With the UK’s new carbon goals and climate change regulations, the Environment Agency (EA) is playing a larger role in the UK the energy industry.

So, what is the Environment Agency? And what does the Environment Agency do?

What is the Environment Agency?

Established in 1995, the Environment Agency (EA) is a non-departmental public body sponsored by the United Kingdom government’s Department for Environment, Food and Rural Affairs(DEFRA). The Agency’s overall responsibility is the protection and enhancement of the environment in England.

What is the Environment Agency’s purpose?

The stated purpose of the Environment Agency is: “to protect or enhance the environment, taken as a whole” so as to promote “the objective of achieving sustainable development”. This protection includes threats such as pollution and flooding.

What is the Environment Agency’s vision?

“A rich, healthy and diverse environment for present and future generations.

What does the EA have to do with energy?

The EA states that they take a “leading role in limiting and preparing for the impacts of climate change.”

The Environmental Agency and ESOS

As the UK scheme administrator for the Energy Savings Opportunity Scheme (ESOS), the Environment Agency publishes ESOS guidelines on behalf of UK regulators.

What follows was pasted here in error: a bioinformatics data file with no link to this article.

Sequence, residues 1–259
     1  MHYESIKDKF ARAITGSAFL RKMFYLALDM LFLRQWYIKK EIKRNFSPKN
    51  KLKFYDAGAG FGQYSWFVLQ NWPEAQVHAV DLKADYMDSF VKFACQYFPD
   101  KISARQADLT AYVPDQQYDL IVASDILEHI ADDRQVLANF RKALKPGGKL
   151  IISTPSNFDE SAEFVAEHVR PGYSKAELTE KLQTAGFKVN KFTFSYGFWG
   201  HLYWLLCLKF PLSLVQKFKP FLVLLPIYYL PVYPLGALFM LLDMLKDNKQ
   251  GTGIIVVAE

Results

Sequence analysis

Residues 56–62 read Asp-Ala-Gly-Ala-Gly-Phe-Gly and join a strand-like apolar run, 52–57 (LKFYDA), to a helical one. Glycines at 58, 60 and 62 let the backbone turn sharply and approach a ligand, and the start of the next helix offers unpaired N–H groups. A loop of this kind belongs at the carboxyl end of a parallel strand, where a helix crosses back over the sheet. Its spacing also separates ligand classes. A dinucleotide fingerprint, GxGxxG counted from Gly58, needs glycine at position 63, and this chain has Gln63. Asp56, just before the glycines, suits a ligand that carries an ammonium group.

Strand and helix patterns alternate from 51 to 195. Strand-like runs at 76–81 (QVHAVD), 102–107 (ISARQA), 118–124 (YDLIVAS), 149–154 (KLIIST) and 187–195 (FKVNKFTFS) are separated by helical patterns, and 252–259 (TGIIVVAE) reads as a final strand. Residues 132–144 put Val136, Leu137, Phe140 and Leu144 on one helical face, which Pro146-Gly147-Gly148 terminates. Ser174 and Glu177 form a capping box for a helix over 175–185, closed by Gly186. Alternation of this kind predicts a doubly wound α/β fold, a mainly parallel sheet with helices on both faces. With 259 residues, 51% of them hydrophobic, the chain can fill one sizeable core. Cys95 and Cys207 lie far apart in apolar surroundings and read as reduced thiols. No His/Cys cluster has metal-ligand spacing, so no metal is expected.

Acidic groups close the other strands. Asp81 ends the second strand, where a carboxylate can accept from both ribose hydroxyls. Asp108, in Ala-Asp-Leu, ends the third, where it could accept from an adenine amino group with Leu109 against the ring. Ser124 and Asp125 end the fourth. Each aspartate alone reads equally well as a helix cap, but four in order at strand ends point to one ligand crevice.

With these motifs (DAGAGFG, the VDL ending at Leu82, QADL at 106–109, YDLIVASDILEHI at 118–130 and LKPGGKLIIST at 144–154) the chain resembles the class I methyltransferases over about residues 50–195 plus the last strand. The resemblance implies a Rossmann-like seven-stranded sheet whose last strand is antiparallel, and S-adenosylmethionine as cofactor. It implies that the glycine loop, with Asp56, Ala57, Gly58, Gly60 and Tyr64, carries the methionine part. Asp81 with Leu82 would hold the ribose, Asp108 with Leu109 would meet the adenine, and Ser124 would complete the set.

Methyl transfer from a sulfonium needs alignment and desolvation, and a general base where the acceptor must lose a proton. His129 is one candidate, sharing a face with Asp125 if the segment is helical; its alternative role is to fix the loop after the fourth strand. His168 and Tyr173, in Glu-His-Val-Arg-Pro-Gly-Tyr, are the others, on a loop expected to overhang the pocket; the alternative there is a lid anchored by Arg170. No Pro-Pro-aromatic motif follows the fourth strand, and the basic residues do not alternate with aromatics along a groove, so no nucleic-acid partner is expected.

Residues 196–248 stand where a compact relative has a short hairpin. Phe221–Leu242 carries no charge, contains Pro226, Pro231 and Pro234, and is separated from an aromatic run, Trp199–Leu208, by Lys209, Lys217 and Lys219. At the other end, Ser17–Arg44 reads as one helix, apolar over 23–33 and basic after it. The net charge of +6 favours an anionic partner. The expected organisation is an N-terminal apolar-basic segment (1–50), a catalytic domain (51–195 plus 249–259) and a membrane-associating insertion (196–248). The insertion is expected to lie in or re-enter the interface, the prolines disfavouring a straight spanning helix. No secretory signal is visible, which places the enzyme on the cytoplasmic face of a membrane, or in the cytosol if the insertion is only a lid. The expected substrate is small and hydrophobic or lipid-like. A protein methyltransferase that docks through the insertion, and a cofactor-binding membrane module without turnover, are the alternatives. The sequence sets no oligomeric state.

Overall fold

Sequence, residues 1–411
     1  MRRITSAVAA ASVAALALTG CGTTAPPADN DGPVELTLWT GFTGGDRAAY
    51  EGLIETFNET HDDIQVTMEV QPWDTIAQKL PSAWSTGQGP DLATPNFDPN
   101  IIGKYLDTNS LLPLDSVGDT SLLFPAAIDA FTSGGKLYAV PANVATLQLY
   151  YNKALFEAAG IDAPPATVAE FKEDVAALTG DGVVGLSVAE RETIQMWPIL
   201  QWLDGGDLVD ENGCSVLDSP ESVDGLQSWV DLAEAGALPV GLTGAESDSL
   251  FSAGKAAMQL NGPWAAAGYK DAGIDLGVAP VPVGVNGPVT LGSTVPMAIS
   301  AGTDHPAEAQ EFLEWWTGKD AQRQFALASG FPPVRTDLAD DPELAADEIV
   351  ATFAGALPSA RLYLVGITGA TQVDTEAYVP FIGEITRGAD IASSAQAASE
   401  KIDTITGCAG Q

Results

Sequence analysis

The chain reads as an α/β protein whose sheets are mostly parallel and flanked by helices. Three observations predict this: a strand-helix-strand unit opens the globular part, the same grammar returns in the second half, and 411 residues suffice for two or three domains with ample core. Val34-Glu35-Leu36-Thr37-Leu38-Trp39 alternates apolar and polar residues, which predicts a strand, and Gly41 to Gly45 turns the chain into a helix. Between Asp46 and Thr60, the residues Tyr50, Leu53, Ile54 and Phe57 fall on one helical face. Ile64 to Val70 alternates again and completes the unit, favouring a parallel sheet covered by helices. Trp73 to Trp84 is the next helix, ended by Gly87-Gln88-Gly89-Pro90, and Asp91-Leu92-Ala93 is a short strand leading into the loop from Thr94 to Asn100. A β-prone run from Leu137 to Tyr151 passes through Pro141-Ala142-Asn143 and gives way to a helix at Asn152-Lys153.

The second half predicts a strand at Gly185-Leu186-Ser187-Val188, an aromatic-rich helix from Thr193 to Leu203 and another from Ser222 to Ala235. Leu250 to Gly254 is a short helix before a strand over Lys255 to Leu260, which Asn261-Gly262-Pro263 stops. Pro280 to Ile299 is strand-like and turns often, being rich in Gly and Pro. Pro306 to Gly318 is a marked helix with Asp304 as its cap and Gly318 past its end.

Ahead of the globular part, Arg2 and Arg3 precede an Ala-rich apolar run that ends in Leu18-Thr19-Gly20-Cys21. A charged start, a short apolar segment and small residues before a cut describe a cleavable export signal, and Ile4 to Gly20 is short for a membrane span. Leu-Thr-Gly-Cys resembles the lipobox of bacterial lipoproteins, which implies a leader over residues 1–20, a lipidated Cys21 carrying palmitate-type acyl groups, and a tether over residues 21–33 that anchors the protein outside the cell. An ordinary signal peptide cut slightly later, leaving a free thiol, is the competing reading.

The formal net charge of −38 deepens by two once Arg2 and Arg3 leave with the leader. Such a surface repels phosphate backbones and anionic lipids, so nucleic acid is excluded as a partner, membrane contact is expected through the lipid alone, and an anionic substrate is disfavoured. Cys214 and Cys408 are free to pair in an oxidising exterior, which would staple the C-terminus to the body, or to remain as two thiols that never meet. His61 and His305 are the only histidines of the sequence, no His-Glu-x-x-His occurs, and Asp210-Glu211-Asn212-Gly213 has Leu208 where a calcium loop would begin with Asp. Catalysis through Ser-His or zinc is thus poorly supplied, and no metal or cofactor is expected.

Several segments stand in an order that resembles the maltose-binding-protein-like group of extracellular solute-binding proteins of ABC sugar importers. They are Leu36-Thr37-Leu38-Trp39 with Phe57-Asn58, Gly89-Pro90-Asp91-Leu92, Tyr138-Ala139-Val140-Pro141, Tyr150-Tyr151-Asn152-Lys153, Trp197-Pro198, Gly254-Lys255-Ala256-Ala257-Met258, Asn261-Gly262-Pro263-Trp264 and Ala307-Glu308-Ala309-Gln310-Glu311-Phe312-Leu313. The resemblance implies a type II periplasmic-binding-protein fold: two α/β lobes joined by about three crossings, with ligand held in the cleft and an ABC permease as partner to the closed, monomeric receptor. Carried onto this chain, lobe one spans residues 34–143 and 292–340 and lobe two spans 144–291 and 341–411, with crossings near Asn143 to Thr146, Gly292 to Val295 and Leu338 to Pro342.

The EA is responsible for ESOS:

  • Guidance
  • Helpdesk
  • Communications
  • Collection of notifications of compliance throughout the UK

Read more about ESOS.

EA Regulatory FAQ

Who are the ESOS regulators?

The principal regulator is the Environment Agency (EA).

Can the EA compel businesses to hand over documents?

Yes, in accordance with the requirements of the ‘Regulators’ Code’, the EA can compel businesses to hand over documents. The most commonly used power is found under section 108 of the Environment Act where the EA can require a business to produce records (including digital records) and provide copies if necessary.

The Environmental Agency and waste

In conjunction with the Police, the EA has been known to conduct dawn raids as a result of serious breaches – such as criminally-organised, illegal dumping of waste.

The EA as a regulator
The EA will consider all other options before criminal prosecution, such as imposing a civil sanction.

Find out more on the Environment Agency website: https://www.gov.uk/government/organisations/environment-agency